LETHEM: The first couple of books are really strongly influenced, but they’re not nearly as influenced as the one that precedes them—the one I wrote when I was 18 and that will never be published. I was absolutely shameless in imitating him. It was how I learned—I mean, musicians learn by playing songs that other people write, and it was sort of morbid and sentimental but I thought, Okay, I’ll write the books he didn’t live to write. I’ll keep it going for him. And of course you get captivated by your own things that almost involuntarily come to the surface. By the time of Gun, with Occasional Music, I was realizing that there were ways I wanted to write that weren’t totally encompassed by admiration for Dick, that in fact I was thinking about Raymond Chandler and Ross MacDonald and Alice in Wonderland among other things. But he’s still the formative underlying influence on every book. I can see that Amnesia Moon resembles a Dick novel more than The Fortress of Solitude, but for me the evidence is everywhere that he’s still my master.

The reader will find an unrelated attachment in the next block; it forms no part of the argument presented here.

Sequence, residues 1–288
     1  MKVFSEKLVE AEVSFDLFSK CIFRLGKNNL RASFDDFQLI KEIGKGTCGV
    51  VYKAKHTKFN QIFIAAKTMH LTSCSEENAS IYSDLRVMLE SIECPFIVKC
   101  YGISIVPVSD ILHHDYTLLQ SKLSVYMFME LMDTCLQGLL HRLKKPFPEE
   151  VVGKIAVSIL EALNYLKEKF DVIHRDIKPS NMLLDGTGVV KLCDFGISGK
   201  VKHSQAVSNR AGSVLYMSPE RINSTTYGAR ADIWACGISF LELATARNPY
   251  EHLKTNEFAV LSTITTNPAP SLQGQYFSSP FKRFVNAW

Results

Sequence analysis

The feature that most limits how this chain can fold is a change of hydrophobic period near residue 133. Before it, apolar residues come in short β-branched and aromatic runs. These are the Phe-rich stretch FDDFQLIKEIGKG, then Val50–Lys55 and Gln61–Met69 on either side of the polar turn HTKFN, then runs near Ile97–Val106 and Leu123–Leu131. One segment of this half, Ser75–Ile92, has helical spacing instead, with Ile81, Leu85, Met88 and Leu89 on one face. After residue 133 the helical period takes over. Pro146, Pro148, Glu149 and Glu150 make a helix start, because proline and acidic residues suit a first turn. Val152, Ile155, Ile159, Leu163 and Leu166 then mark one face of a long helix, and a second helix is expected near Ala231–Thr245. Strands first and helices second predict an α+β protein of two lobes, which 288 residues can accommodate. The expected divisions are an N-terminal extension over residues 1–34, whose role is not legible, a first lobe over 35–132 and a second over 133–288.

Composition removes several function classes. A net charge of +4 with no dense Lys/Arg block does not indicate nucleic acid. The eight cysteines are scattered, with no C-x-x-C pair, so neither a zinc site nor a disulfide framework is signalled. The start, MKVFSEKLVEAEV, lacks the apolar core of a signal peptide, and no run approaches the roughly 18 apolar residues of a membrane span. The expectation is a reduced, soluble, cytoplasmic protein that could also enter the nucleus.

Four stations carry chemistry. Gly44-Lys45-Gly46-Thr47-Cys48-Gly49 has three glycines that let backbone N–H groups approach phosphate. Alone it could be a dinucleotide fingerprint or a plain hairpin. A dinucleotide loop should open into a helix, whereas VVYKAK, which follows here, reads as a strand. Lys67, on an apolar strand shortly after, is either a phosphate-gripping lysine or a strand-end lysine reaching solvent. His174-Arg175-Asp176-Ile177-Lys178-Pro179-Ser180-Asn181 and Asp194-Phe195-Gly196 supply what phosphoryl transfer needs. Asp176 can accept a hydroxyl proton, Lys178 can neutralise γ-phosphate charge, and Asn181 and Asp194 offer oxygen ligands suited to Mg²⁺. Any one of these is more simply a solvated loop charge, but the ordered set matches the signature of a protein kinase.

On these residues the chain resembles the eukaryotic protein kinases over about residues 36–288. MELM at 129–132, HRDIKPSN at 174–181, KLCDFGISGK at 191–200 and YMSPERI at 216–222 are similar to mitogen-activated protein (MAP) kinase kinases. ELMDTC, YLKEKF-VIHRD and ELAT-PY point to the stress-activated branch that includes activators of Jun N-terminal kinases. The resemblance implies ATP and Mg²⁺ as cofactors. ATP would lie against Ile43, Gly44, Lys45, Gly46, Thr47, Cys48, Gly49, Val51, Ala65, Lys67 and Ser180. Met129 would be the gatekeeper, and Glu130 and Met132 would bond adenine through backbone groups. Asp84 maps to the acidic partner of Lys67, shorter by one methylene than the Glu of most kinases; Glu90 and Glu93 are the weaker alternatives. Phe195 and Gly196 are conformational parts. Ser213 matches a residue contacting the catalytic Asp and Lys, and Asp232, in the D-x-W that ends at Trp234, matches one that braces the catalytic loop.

WIRED: You’ve done pretty well. Would Dick have been better received if he were writing today?
LETHEM: It’s easy to say he’d be George Saunders or Don DeLillo. His satirical mode has been legitimated, let’s say that. But he’s so deeply of his time and place that it’s hard to think of what kind of mind he would have been without World War II and nuclear fear and McCarthyism and the glimmerings of the counterculture. It’s easy to overlook that because he seems so contemporary, he has so much to say about the culture of late capitalism, he was such a prognosticator and seems so fluidly of our time. But if you immerse yourself in his work, you realize he’s of his time.
And I don’t think it’s an accident that he was so marginal. I think he needed to be. I think there was something about him that was deeply fugitive. I think he might have found a way to work in opposition to whatever status quo he located. And it may seem cruel to say this, but I think his canonization may have only been possible after the man himself and his instinct for disrepute was off the playing field. If he’d been around, continuing to write and continuing to give interviews, he would have made sure that anyone trying to espouse his work, including me going around saying he’s one of the greatest writers of the 20th century, would feel uncomfortable doing so. That we’d misunderstood or betrayed him in some way. It’s very hard to believe in a Dick who’s been domesticated to a life of literary prestige the way we are presently domesticating him. ■
[This is an expanded version of the interview that appeared in Wired 15.06.]